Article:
BADIOU AGAINST HEIDEGGER’S CONCEPT OF DEATH

It is well-known that Badiou’s philosophical system has been elaborated in a constant dialogue with, and struggle against, Heidegger’s philosophy. A very interesting aspect of this confrontation is to be found in Badiou’s proposition of what he considers to be a “new concept of death”.

In Book III of his LOGICS OF WORLDS, Section 4 “Existence and Death” (267-270), Badiou proposes his new concept of death in a polemic with all phenomenological and vitalist conceptions, more particularly those of Heidegger and Deleuze. In the thought of both these thinkers, and in the traditions that culminate with them, Badiou finds a remaining theological postulate, a secular or sublimated One, an underlying transcendental infinite that underwrites our own finitude and death.

According to Badiou, this dogma of finitude, in both its theistic and atheistic forms, is an essential component of today’s dominant ideology and of our own ideological and political enslavement. Emancipation begins with the axiomatic rejection of this dogma:

To think existence without finitude. This is the liberatory imperative, which extricates existence from its pinning to the ultimate signifier of its submission, death (LOGICS OF WORLDS, 268, translation modified by me).

This new concept of death is maintained and reaffirmed by Badiou nine years later in his seminars on THE IMMANENCE OF TRUTHS. One can find here a translation of Badiou’s seminar given on Monday 18th May. The French text is a transcription of notes taken by Daniel Fischer, the translation is by David Broder.

I offer here a translation of the introductory “Argument”, which is missing from the English translation:

This year we have closely studied the contemporary dominant ideology – notably in the field of philosophy -, namely the ideology of finitude. In particular, we have identified the operators which « activate » in the subjects the conviction of being irremediably finite, with nothing that exceeds this finitude, and so subjected to the “realities”, and first among these the economic substrate of contemporary domination, namely the reign of private property and of its deployment in the categories of production, exchange, and financial systems.

We have dealt with four crucial operators: identity, repetition, necessity, and God (this last operator being able to take many forms, which all come down to this: that every infinite is a transcendence that is inaccessible, except in that it humiliates in us any pride, any in-finite pretention).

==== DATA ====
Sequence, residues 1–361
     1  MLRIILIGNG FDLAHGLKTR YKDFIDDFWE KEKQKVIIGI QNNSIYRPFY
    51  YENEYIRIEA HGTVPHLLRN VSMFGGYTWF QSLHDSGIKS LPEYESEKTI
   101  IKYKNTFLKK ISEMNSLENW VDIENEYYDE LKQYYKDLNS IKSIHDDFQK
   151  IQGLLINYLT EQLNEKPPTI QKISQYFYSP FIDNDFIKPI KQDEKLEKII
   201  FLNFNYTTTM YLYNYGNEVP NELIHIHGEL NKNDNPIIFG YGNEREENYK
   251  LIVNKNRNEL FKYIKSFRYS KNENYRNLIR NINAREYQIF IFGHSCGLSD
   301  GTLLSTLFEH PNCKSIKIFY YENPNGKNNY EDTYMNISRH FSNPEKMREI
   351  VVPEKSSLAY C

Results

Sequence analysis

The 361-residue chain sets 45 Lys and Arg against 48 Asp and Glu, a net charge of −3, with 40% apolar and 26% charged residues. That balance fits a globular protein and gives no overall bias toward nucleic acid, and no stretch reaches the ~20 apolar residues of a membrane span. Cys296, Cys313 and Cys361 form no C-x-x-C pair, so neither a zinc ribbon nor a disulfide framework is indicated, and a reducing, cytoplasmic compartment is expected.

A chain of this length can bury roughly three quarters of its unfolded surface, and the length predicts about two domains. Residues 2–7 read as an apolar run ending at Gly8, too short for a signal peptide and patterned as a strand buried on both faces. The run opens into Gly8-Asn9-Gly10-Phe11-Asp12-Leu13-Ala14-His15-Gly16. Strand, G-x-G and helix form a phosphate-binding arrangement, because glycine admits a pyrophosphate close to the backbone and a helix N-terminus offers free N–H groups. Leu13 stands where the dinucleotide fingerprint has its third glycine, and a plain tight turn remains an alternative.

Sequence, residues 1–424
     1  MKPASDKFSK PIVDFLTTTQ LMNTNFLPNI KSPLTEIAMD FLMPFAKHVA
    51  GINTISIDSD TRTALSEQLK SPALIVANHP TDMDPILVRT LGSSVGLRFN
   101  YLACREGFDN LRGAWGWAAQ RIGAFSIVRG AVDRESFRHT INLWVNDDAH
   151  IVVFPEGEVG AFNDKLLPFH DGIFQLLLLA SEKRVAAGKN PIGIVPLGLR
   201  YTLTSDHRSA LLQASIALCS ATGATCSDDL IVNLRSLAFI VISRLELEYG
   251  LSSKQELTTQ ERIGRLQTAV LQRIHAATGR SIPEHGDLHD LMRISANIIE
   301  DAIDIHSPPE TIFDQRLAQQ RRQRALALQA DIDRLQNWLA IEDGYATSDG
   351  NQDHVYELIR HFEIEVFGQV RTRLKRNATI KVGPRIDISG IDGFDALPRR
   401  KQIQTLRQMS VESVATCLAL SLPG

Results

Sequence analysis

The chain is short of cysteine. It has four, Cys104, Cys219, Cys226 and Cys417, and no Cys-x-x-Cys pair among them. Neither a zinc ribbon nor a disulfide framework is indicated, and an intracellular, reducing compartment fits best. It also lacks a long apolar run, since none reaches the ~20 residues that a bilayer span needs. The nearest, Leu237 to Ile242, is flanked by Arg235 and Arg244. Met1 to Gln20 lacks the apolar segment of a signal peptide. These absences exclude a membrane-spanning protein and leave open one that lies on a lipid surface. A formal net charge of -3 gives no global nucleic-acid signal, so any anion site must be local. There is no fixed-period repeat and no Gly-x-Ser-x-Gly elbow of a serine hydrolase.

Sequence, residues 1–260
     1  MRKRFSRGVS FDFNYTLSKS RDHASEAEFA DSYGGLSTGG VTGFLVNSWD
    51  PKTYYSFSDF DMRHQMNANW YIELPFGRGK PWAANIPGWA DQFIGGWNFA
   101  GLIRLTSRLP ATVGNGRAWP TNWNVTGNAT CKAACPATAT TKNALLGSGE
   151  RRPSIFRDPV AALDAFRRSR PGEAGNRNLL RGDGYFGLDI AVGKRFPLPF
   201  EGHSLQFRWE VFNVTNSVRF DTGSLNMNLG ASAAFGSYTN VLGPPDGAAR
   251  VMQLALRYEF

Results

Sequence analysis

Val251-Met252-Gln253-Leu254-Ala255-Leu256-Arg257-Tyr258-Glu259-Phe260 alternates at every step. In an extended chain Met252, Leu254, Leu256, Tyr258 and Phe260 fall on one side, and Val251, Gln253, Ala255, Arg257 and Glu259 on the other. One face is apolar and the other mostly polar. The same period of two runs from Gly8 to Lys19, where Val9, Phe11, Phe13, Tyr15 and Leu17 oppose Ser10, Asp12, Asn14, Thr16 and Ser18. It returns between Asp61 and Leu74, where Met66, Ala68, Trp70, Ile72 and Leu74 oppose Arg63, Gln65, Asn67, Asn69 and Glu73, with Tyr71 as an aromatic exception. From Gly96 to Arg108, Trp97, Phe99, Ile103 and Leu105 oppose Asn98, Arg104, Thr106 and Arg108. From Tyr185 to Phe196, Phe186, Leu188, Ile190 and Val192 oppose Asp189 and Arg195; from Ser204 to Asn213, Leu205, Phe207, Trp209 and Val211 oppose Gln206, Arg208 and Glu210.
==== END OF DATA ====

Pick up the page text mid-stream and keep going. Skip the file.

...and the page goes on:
In this seminar we shall deal with the oldest and most indestructible operator of  finitude, whose self-evidence supports all the others, namely death. Isn’t death an absolute proof of our irremediable finite dimension finie, this death that has always been called, precisely, the “end”? We will have to critically examine the principal contemporary variations of this argument, notably Heidegger’s conception of existence (of Dasein) as “being toward death”. We shall propose a definition of death not as end and finitude, but, in a renewed phenomenological framework, as an “out of control” variation of the intensity of existence. Detaching them from their religious context, we shall give all their radical to Saint Paul’s exclamation “Death, where is your victory?, and to Spinoza’s theorem: “A free man thinks of nothing less than death, and meditates not on death but on life”.

Note: “Out of control” seems to mean outside of the necessary limits imposed by finitude. From a logical standpoint, the intensity of existence has a maximum value (self-identity) and a minimum value (non-self-identity, death) within a world. This means that death is an “uncontrolled” accident, it is not an ontological necessity intrinsic to an existence, but only a logical possibility whose effectuation depends on an external cause. For Badiou we cannot say of a being that it is “mortal” in the sense that it is an internal necessity for it to die.

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